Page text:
Sam Mikulak wins his 4th consecutive US Championship

Submitted by Michigasling on June 5th, 2016 at 10:33 PM

As we say goodbye to our beloved softball seniors, including Super Sierra, it might help to  know that one of our previous all-time champs is still going at it.  After missing last year's Worlds because of two separate injuries, Sam made it clear that he's back in shape in time for the Olympics he was always aiming for.  (He surprised himself by making the team in 2012, and then surprised everyone else by how well he did.)  The two-day competition also determined the 18-man national team.  They'll move on to compete in the Olympic trials in a couple weeks to determine the 5-man Olympic team. 

Speaking of teams and the future, three members of the current M team (freshmen Emyre Cole and NCAA vault champion Anthony McCallum, Jr., and sophomore Dmitri Belanovksi, all of whom were members of Junior US teams) were invited to compete with the seniors, along with alum Adrian de los Angeles (who was runner-up in the NCAA All-Around in his sophomore year to teammate Sam).  Naturally the TV coverage was of the current national team, but Youtube videos of each event show the promise of the youngsters.  Sophomore Dmitri has more consistency, but both Emyre and Anthony are so exciting to watch-- Emyre with his fluid lines and Anthony with his explosiveness-- that one can see the future when they're able to balance the excitement with more control and strength.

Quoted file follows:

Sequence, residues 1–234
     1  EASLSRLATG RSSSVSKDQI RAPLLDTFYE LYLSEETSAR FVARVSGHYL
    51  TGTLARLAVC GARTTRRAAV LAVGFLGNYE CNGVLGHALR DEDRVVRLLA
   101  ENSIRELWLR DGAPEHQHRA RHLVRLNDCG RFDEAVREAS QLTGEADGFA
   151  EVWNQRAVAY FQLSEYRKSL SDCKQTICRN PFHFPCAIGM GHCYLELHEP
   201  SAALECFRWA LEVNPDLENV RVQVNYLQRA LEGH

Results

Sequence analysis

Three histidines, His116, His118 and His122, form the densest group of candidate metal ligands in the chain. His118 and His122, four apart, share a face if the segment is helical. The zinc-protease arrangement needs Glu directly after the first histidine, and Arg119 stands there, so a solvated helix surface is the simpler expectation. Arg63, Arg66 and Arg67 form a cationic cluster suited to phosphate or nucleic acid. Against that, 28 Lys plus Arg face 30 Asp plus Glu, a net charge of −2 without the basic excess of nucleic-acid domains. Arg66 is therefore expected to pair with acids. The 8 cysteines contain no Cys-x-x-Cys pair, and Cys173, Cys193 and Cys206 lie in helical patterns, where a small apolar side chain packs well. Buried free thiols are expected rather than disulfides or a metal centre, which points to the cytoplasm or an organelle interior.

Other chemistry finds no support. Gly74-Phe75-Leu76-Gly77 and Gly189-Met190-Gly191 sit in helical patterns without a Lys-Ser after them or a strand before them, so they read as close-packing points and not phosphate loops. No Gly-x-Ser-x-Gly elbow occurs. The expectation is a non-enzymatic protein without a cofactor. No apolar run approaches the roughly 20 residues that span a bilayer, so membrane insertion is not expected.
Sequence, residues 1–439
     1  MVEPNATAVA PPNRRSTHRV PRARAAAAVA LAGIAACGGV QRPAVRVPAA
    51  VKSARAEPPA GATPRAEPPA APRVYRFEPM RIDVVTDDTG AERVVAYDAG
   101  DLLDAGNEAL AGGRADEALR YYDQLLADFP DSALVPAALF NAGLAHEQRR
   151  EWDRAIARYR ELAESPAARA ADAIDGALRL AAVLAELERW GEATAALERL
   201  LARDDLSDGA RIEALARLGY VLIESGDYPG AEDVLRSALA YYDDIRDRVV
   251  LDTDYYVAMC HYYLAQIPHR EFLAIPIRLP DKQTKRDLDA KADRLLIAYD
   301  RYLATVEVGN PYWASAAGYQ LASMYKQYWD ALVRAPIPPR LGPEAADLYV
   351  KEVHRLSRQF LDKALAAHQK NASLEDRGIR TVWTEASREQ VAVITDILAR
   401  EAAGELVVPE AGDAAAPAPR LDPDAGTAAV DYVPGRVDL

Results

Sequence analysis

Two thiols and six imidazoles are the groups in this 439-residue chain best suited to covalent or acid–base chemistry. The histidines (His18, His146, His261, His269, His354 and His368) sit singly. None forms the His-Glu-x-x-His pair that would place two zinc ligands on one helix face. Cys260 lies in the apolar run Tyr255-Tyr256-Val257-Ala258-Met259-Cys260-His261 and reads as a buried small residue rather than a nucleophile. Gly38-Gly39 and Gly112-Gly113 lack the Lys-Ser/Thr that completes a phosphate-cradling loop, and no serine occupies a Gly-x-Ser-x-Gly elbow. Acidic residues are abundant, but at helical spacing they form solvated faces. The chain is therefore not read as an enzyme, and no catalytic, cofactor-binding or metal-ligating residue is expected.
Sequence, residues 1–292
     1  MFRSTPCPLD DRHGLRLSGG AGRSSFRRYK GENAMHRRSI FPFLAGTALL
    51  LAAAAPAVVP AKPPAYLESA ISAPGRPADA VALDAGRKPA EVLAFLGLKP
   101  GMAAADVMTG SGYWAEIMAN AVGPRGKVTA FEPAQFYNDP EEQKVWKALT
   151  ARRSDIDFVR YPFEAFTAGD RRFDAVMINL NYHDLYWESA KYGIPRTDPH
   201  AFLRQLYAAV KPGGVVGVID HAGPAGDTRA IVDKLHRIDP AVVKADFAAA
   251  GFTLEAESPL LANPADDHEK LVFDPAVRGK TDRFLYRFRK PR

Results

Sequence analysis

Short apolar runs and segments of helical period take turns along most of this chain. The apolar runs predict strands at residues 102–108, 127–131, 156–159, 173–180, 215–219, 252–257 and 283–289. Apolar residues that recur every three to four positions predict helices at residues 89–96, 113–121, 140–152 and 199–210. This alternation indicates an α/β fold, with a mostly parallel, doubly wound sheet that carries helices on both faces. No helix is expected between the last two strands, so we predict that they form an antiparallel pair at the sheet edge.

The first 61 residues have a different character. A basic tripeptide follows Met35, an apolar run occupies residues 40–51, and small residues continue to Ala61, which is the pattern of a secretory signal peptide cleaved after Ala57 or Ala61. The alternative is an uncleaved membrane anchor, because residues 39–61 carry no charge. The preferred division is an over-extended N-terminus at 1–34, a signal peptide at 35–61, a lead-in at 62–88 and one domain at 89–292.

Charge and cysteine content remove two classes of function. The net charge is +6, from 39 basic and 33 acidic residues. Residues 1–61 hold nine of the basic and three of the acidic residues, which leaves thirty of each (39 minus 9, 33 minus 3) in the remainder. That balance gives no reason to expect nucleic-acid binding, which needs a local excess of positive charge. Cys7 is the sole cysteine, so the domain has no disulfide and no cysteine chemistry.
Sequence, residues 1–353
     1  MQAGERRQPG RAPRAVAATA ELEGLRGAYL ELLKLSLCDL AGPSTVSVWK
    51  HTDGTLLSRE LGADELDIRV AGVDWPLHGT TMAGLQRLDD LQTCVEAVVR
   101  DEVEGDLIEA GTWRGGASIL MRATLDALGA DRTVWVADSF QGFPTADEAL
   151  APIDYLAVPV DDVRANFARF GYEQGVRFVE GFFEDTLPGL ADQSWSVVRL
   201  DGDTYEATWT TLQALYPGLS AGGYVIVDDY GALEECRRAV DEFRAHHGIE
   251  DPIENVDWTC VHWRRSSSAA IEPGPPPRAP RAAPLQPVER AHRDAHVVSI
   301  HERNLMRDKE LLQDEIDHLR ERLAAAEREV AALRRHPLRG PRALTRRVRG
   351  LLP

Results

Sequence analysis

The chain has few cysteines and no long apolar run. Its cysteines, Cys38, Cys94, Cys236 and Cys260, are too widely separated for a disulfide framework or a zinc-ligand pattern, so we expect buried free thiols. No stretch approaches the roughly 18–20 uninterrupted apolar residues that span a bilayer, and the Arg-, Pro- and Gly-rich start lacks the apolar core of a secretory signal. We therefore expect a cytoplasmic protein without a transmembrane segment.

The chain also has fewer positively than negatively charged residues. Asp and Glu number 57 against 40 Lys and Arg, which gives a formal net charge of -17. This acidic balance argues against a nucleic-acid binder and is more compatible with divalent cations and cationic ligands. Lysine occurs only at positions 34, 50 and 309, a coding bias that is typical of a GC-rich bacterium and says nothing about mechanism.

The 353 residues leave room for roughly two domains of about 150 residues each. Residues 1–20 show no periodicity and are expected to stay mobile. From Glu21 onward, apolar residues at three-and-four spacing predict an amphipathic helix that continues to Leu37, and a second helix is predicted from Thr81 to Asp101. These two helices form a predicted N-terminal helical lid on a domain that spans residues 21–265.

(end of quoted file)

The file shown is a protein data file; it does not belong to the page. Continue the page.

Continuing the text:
I'll post now and then try to embed Sam's impossibly difficult high-bar routine (from day 1, so the crowd is sparse), which shows what that combination of high-flying excitement and staying off the ground can look like.  He'd tell you it's not perfect, but not perfect for Sam is obviously pretty damn good.

Comments

Wolverine Devotee

June 5th, 2016 at 10:48 PM ^

Sam Mikulak is probably the best gymnast in Michigan history.

Hard to argue against it. Nissen Emery winner, Olympian, led the team to back-to-back National Championships.

Michigasling

June 6th, 2016 at 6:55 PM ^